Many of the CARES Act emergency programs end on 12/31/20.  And, Treasury Secretary Mnuchin has told Fed Chair Powell that the Treasury will stop funding the Fed loan programs at year’s end.  At least 12 million people are facing the end of unemployment support after 12/31.  The Census Bureau (October 26th report) indicates that 14 million renters are at risk as rent moratoriums end, and that 2.7 million homeowners (November 8th report) are at risk of foreclosure. 

Besides the exhaustion of benefits in the state programs (normally 26 weeks), the PUA programs also close at the end of the year.  Unless there is a new stimulus plan soon, not likely given the political vitriol now in play, the negative impact in Q1 is likely to be dramatic.  In my view, in anticipation of an end to such programs, Q4 consumption is also likely to be lower.  Wile E. Coyote – don’t look down!

Housing – Single Family, A Winner in Some Places

Single-Family housing starts were 1.18 million (Annual Rate), the highest level since April, ’07 and now up six months in a row.  The last time this happened was in ’05, and before that all the way back to ’82!  Over that six months, single-family starts are up more than 30%.  In contrast, over the same period, multi-family starts are down more than -6%.  Year over year, single family starts have risen 29%, multi are down -18%.  Clearly, the virus has caused a shift in preferences for less density and more privacy and space.  This is likely the trend for the post-virus world with Work-From-Home sending the post-virus demand for office space deep into recessionary territory.

However, when you look at housing by region, it is clear that there is an exodus from the Northeast (NY, NJ, CT, MA…).  The following table shows the data for housing starts by region:

                                                Housing Starts

Region% Chg: Oct vs Sept

Breaking down housing starts in the Northeast, October vs. September, single-family starts were down nearly -18%, while multi-family were off a whopping -85%.  Can’t blame the weather; for most of October the weather was unseasonably mild.  So what is happening?  Living costs, including the cost of housing and significantly rising levels of taxation in the region, along with the newly found ability to Work-From-Home, or simply work elsewhere, appear to be at work here.  This looks like an emerging new trend.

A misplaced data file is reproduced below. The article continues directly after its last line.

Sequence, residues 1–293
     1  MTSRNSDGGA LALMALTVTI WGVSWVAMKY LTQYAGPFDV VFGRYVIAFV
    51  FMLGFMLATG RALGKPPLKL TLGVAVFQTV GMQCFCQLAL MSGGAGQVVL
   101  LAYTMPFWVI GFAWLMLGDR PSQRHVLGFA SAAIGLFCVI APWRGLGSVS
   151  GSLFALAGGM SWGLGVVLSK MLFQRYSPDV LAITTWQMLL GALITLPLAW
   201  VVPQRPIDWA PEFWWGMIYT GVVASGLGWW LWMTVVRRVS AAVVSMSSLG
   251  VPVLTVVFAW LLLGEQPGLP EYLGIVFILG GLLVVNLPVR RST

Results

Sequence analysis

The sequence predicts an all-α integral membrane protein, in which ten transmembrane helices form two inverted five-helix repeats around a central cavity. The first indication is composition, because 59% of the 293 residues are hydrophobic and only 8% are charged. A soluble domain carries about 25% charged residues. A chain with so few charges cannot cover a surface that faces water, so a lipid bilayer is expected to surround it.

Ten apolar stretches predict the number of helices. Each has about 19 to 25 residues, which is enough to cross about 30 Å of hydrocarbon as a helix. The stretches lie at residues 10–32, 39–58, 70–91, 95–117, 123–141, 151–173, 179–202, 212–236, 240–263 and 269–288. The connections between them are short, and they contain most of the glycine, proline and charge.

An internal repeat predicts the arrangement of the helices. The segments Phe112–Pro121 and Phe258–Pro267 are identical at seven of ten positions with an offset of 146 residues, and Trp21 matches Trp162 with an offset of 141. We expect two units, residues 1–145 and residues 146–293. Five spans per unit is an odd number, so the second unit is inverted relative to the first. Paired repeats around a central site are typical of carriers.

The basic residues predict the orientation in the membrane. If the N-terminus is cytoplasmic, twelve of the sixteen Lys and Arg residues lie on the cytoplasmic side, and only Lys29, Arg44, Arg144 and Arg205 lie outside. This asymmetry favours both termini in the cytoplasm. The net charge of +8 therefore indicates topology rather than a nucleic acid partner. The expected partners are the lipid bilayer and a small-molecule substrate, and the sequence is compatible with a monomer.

Everywhere I go, I see help-wanted signs.  From what I read and from anecdotal experiences, companies appear to be unable to find entry level workers.  In addition, more and more skilled and semi-skilled positions go unfilled.  Yet, as discussed in this blog since April, we have record levels of unemployment, with concentrations in the lower wage earning groups (leisure/hospitality, retail…).  Here is a nobn-exhaustive list of reasons we are seeing this employment disconnect in the U.S.:

  • Those laid-off are from different sectors than where current needs are.  For example, recently laid-off leisure/hospitality or retail workers aren’t likely to look for manufacturing jobs or jobs on a plant floor;
  • Unemployment benefits, which are now starting to expire, are a disincentive for people to re-engage, especially when they are generous or even higher than can be earned in available employment;
  • Many are still waiting to be recalled.  It is eaier to go back to a job one has had and knows than it is to find a new and different one, or to start at the bottom if one has had some promotion at the old employer.

How long this disconnect lasts is unknown.  Existing support programs expire at year’s end.  Whether or not another stimulus occurs in the “lame-duck” period between Administrations is anyone’s guess.  Likely, the next Administration will have a stimulus, but what it might look like and whether or not it depresses the need for employment like the CARES Act did is anyone’s guess.  Much of the employment dislocation appears to be “permanent,” or, at least, “semi-permanent,” i.e., a leiure/hospitality worker is unlikely to end up as a plant floor worker.


Future consumer behavior has been permanently changed by the pandemic with the undoubted result being an increased savings rate.  (The demographics of an aging population only reinforce this.)  Higher savings, higher unemployment and employment dislocations imply slower future economic growth.  Don’t expect that, once we have endured the near-term economic pain and get to the other side of the pandemic, economic growth will return to “normal” (which was less than 2%/year since the Great Recession).  In order for the equity market to continue its upward march, underlying fundamental ratios will have to rise above even current lofty levels.  While possible, probability says otherwise.  Nevertheless, there are always winners.  It’s just a matter of identifying them before everyone else does.

Robert Barone, Ph.D.

November 23, 2020

Robert Barone, Ph.D. is a Georgetown educated economist. He is a financial advisor at Four Star Wealth Advisors. www.fourstarwealth.com. He is nationally known for his writings and Robert’s storied career includes his having served as a Professor of Finance, a community bank CEO, and a Director and Chairman of the Federal Home Loan Bank of San Francisco. Robert is currently a Director of CSAA Insurance Company (the AAA brand) where he chairs the Finance and Investment Committee. Robert is the co-portfolio manager of the UVA Unconstrained Medium-Term Fixed Income ETF (FFIU).